Tuesday, June 09, 2009

Distressed and Underserved Community

The majority of all bankruptcies are the result of medical bills according Medical Bankruptcy in the United States, 2007: Results of a National Study. . That's 20% higher than results indicated in 2001.

Of those who filed for bankruptcy in 2007, nearly 80 percent had health insurance. Respondents with insurance reported average expenses of just under $18,000. Respondents without insurance had average medical bills of nearly $27,000.

Since 2007, the number of Americans without insurance has increased and filing for bankruptcy has become more difficult due to more stringent laws, according to the report.

Using a conservative definition, 62.1% of all bankruptcies in 2007 were medical; 92% of these medical debtors had medical debts over $5000, or 10% of pretax family income. The rest met criteria for medical bankruptcy because they had lost significant income due to illness or mortgaged a home to pay medical bills. Most medical debtors were well educated, owned homes, and had middle-class occupations. Three quarters had health insurance. Using identical definitions in 2001 and 2007, the share of bankruptcies attributable to medical problems rose by 49.6%. In logistic regression analysis controlling for demographic factors, the odds that a bankruptcy had a medical cause was 2.38-fold higher in 2007 than in 2001.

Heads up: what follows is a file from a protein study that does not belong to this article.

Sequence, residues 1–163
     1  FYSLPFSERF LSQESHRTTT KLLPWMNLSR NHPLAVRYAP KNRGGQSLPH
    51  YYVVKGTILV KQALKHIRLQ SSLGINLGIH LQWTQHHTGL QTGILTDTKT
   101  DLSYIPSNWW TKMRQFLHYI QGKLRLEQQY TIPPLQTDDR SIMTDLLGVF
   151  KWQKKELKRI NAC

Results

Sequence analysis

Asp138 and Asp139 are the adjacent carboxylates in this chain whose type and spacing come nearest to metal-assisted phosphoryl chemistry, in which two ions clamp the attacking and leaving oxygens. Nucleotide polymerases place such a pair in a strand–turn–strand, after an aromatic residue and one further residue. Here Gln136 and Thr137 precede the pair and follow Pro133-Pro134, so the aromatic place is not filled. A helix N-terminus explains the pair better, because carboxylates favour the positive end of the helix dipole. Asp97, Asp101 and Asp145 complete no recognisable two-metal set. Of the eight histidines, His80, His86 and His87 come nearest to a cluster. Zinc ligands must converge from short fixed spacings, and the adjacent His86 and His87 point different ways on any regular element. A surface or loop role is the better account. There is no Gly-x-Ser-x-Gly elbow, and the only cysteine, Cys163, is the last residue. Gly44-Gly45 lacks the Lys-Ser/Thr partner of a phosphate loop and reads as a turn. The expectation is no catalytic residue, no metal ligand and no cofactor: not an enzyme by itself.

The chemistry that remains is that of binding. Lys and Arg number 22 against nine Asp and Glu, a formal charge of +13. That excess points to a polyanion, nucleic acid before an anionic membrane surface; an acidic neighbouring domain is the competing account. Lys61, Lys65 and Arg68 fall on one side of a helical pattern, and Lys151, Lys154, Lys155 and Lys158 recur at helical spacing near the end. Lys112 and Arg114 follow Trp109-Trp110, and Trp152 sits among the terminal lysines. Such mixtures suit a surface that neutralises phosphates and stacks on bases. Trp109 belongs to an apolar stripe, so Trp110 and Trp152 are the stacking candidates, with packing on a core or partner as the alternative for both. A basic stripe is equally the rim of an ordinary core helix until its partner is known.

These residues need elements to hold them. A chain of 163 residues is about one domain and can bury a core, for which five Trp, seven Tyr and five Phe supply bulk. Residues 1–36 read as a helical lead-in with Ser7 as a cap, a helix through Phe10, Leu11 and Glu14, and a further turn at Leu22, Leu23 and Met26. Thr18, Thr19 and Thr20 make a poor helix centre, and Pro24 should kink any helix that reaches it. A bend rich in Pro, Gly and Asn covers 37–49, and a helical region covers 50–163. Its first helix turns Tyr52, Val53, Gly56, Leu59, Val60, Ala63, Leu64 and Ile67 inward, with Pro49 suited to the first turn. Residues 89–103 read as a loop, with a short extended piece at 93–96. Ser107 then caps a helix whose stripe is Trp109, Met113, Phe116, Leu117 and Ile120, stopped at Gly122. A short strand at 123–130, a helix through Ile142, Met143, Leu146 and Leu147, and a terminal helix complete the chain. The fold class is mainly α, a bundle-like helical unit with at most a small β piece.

In addition, the Federal Reserve released the 2009 List of Middle-Income Nonmetropolitan Distressed or Underserved Geographies, in which revitalization or stabilization activities will receive Community Reinvestment Act consideration as “community development.” The designations reflect local economic conditions, including such triggers as unemployment, poverty, and population changes.

Federal Financial Institutions Examination Council (FFIEC): The criteria used to designate these areas can be found here.


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